Sometimes, the discourse surrounding the reproductive health debate in the Philippines sounds more like it was lifted out of the Middle Ages.
Case in point was the exchange recently held in the Senate between Sen Juan Ponce Enrile and both Pia Cayetano and Miriam Santiago, joint authors of the reproductive health bill in the Senate. Enrile, the former defense secretary who served as the chief architect of Martial Law under Pres Marcos which gave rise to the country’s first population management policy in the 1970s and 80s is now casting the proposed bill on responsible parenthood as a sinister plot on the part of the state to dictate to particularly poor households the number of children they are to have. He said,
What reason can we morally advance to justify the idea embedded in the recesses of Senate Bill No. 2865 to accomplish the sustained and deliberate reduction of the size of Filipino families, especially the poor and marginalized, through birth control in the guise of adopting a reproductive health policy for this country?
The Senate President evidently believes that when the law becomes operationalized, the government will engage in interventions over and beyond what is explicitly stated in the bill, which is to provide couples with informed choice and access to different forms of family planning and reproductive health. He likens the intrusiveness of the State under this imagined scenario to the very heavy handed attempts at social engineering by Fascist dictators, when he argued,
If we condemn the idea of euthanasia that renders mercy killing in the guise of (being merciful) to a needy human being, if we condemn eugenics that advocates selective breeding in the guise of improving hereditary qualities, if we condemn the idea behind the act of Adolf Hitler in exterminating Jews in Europe in the guise of preserving the superiority of the Aryan race, if we condemn the idea behind the killing fields of Pol Pot in Cambodia in the guise of reforming the social ills of his country, and if we condemn the mass graves of Saddam Hussein in Iraq where he buried his political enemies in the guise of maintaining law and order in his country—what reason can we morally advance to justify (the bill)?
The claim of a clandestine agenda behind the bill sounds as though it was made by some crackpot, not by one of the highest officials of the land and one of its legal luminaries. One wonders however whether Enrile truly believes in the competency of the State to: (a) hatch such an elaborate plan, and (b) competently carry it out.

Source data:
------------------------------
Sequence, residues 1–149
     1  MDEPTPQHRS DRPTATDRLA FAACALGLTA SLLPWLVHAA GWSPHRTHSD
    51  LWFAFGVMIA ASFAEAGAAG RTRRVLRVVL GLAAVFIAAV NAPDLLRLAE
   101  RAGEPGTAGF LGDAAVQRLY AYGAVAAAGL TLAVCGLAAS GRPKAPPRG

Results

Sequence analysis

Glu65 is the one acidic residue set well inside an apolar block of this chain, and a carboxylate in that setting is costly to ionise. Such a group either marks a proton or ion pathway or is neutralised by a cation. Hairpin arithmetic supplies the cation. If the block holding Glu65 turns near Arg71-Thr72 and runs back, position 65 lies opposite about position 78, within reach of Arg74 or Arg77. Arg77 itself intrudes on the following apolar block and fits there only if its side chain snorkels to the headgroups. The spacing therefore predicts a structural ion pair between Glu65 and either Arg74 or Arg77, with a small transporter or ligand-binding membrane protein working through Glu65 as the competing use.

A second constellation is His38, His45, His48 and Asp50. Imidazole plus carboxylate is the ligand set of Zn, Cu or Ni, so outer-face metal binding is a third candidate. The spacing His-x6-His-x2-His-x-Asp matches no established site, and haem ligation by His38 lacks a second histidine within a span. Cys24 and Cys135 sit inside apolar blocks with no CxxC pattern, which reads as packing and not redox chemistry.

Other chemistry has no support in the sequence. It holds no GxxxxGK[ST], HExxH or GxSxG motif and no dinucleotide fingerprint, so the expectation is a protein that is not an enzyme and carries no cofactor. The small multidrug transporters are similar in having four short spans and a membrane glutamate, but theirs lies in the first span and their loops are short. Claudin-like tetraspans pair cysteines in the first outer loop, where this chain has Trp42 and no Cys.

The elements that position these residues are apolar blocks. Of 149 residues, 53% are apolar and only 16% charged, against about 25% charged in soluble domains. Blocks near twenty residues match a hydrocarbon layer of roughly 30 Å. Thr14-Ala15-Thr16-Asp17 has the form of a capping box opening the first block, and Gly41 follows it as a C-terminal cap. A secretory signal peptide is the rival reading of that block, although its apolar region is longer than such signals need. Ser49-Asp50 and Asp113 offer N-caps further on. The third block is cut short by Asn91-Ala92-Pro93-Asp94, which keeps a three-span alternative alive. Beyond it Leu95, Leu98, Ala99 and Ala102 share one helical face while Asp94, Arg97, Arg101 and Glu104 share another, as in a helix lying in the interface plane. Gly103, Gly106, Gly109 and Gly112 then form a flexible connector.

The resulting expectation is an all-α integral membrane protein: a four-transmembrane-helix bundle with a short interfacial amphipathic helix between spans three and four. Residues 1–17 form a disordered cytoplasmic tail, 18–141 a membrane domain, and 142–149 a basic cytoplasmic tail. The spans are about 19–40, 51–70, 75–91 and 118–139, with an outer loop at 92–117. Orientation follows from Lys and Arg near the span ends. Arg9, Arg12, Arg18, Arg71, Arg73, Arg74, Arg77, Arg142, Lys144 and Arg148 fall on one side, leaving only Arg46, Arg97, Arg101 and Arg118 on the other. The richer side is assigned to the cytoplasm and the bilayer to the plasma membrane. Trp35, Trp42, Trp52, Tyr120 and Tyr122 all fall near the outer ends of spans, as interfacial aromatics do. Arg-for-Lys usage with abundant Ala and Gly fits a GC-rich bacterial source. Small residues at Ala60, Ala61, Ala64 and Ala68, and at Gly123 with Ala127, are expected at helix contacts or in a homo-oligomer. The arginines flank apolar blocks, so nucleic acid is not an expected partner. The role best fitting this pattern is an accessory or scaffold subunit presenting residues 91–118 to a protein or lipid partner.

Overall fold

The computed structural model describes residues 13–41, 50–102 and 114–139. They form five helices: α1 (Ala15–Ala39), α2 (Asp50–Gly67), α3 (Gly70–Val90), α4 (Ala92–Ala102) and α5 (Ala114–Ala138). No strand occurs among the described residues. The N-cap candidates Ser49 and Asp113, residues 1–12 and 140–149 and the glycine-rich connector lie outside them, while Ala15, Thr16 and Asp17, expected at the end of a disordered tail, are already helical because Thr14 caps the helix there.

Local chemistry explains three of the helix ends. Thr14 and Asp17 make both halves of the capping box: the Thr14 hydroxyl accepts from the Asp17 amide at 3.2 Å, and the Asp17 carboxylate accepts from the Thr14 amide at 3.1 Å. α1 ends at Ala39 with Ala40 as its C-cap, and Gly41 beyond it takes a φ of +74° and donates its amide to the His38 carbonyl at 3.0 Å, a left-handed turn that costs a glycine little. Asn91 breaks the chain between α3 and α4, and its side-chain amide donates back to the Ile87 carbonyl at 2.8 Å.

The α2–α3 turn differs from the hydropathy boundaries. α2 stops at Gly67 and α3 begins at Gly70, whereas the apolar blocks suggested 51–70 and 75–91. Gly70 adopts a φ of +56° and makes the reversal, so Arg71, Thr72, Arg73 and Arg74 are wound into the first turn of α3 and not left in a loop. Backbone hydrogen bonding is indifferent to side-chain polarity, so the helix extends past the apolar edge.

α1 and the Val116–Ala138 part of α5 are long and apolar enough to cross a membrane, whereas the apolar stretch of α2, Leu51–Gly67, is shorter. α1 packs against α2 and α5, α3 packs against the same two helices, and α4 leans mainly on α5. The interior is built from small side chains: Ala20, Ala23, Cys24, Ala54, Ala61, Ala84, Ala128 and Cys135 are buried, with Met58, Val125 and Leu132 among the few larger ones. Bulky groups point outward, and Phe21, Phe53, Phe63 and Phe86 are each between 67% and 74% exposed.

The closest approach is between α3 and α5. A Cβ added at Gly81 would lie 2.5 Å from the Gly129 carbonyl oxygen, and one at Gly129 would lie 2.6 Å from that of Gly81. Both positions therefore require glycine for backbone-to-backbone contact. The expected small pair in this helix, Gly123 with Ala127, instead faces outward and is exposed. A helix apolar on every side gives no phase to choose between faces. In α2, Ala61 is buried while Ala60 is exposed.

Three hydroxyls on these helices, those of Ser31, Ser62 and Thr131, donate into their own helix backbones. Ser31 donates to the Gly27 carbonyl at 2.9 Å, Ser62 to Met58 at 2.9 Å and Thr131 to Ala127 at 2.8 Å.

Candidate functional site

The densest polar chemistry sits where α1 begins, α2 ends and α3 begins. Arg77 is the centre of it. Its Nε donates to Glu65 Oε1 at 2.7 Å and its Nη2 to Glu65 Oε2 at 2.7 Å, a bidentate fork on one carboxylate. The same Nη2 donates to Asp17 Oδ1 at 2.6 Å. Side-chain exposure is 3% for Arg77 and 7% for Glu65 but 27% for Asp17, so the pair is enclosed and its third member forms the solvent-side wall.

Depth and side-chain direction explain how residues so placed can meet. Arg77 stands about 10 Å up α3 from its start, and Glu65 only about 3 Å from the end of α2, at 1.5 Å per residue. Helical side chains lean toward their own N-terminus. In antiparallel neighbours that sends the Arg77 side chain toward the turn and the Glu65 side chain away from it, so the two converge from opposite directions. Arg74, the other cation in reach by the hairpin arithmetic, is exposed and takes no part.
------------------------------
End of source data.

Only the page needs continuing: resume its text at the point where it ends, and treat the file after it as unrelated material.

I mean, if even under an authoritarian regime, the government with a more restrictive population management and control policy was not able to effectively implement its policy then, why would it be able to hatch such a devious and deliberate plan today and be able to get away with it?
The simple fact of the matter is, the global consensus that formed around population policy since the 1970s has tended to focus on choice and the ability of couples to decide in a well-informed manner how many children they want to have and stick to such a decision. It is no longer about achieving some pre-determined “optimal size” of the household. And this basic tenet is what the current RH bill embodies.
Under such a framework, the State becomes less intrusive and in fact merely acts as a guarantor and facilitator of last resort to a household of its capacity to make such an all-important decision. Under the current situation, the default “choice” of most couples is the natural family planning method, for the simple reason that they do not have the means to choose otherwise.
This in a way creates a bias in favor of the Catholic Church’s position. In a pluralistic world where even Catholics should be allowed to make a conscious decision about such personal and intimate affairs, such a bias is really untenable. What the RH bill would in effect do is shift the default setting to a more neutral position: one where all the safe and reliable methods are made available and where choice is not restricted.
Given the cultural preference already exhibited by Filipinos for larger families (when compared to other countries, while controlling for income and other variables), such a light-handed approach would only influence those who might have exceeded what they deem their (higher) limit for child rearing. This is demonstrated by a number of cases reported by the media where other family planning options are only considered by poor households primarily the womenfolk when they have given birth to upwards of eight children when six was their desired number.
In other words, through early interventions, what the RH bill is most likely to do is help these families achieve their desired family size which is usually in the order of four, five or six members, rather than force them to limit their household to three or four members.
Now in a pluralist world, such an outcome is perfectly acceptable.